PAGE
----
Gap shares crater 15% after retailer sees millions in lost sales from delayed product shipments, cuts forecast

  • Gap Inc. slashed its full-year outlook as fiscal third-quarter results fell short as Covid-related factory closures led to significant product delays in the quarter.
  • Gap said it invested in air freight to help mitigate some of the port congestion challenges over the holidays. But that also means added expenses that will weigh on profits in the near term.
  • Its revised outlook takes into account roughly $550 million to $650 million of lost sales from supply chain constraints and about $450 million in air freight costs for the year.

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Gap Inc. shares tumbled Tuesday after the company slashed its full-year outlook, with fiscal third-quarter results falling short as Covid-related factory closures led to significant product delays in the quarter.

Its stock was recently down 15% in extended trading on the news, having risen about 16% year to date.

"While we entered the third quarter with growing momentum, acute supply chain headwinds affected our ability to fully meet strong customer demand," said Chief Executive Sonia Syngal in a press release.

Gap said it invested in air freight to help mitigate some of the port congestion challenges over the holidays. But that also means added expenses that will weigh on profits in the near term.

Here's how Gap did in the three-month period ended Oct. 30 compared with what analysts were anticipating, using Refinitiv data:

  • Earnings per share: 27 cents adjusted vs. 50 cents expected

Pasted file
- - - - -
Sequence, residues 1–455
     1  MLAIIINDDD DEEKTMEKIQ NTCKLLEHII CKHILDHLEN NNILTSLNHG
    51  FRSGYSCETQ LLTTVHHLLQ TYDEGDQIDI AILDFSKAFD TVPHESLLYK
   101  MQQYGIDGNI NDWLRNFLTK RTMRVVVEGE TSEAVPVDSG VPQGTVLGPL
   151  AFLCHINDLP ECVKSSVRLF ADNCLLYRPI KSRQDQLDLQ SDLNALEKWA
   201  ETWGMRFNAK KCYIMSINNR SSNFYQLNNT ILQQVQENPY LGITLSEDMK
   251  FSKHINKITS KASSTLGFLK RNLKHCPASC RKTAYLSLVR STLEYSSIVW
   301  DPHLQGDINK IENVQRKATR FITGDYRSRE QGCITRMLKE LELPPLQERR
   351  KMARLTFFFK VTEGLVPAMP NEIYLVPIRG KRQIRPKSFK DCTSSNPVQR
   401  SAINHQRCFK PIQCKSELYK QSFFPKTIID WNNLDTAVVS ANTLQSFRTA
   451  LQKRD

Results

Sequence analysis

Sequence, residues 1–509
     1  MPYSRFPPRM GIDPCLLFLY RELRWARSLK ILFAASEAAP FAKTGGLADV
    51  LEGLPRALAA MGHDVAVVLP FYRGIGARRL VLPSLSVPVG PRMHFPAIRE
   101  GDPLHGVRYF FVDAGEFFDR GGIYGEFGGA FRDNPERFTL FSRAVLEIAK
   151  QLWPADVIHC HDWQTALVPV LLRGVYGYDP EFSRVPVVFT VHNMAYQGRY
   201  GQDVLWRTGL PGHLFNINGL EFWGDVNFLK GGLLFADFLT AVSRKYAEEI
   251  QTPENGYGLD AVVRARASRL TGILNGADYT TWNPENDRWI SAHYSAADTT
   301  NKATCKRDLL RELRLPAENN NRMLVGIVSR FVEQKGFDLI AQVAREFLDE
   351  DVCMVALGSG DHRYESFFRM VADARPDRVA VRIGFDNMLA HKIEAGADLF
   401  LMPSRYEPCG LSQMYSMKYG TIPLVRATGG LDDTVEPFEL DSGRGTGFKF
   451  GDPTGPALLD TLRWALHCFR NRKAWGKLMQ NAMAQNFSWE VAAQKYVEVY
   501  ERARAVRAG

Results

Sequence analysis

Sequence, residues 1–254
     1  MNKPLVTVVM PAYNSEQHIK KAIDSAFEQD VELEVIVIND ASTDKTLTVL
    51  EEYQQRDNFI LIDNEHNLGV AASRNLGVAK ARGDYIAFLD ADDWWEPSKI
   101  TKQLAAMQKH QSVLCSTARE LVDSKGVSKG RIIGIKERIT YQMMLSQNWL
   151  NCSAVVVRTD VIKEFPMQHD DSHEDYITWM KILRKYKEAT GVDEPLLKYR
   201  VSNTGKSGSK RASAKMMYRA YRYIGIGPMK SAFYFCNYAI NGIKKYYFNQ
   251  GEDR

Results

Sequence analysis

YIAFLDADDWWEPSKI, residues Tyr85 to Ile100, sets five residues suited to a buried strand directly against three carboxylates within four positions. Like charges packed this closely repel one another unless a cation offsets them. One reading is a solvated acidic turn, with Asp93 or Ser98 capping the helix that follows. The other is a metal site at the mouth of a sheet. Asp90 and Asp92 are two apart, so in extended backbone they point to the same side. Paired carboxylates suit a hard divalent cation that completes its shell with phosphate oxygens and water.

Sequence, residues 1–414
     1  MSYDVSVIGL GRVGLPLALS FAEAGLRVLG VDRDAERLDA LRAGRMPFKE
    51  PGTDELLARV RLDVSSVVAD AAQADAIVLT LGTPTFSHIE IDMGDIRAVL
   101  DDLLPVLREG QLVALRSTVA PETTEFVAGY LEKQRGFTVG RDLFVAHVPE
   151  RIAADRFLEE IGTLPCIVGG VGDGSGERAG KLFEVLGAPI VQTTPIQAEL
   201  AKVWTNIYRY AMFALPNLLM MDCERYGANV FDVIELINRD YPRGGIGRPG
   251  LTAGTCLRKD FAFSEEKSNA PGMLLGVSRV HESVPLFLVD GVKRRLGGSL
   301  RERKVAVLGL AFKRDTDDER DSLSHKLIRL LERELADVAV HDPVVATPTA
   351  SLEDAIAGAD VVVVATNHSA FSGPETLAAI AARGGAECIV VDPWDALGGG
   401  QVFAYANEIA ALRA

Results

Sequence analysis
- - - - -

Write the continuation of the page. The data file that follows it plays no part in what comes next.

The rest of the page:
• Revenue: $3.94 billion vs. $4.44 billion expected

Gap said it swung to a net loss of $152 million, or 40 cents per share, from net income of $95 million, or 25 cents a share, a year earlier.

Excluding items, it earned 27 cents per share, short of the 50 cents that analysts had been looking for, according to Refinitiv.

Revenue fell slightly to $3.94 billion from $3.99 billion a year earlier. That missed expectations for $4.44 billion.

Comparable sales at Old Navy fell 9% year over year and were up 6% compared with 2019. The company said this banner was disproportionately impacted by supply chain delays, particularly its women's assortment.

At its namesake Gap brand, comparable sales rose 7% from a year earlier and were up 3% versus 2019.

At Banana Republic, which focuses more on selling work wear for women, comparable sales rose 28% from year-ago levels and fell 10% on a two-year basis.

Comparable sales at Athleta, Gap's rival to Lululemon and Nike for women, increased 2% from a year earlier and rallied 41% versus 2019.

Gap now expects full-year revenue to be up about 20%, which is less that its prior outlook of about a 30% increase. Analysts polled by Refinitiv had been looking for a 28.4% year-over-year gain.

Gap's expectations for adjusted full-year earnings have been lowered to a range of $1.25 to $1.40 per share, from a prior range of $2.10 to $2.25 a share. Analysts had expected Gap to earn $2.20 per share, Refinitiv said.

Gap said its revised outlook takes into account roughly $550 million to $650 million of lost sales from supply chain constraints and about $450 million in air freight costs for the year.

Find the full earnings release from Gap here.

This story is developing. Please check back for updates.

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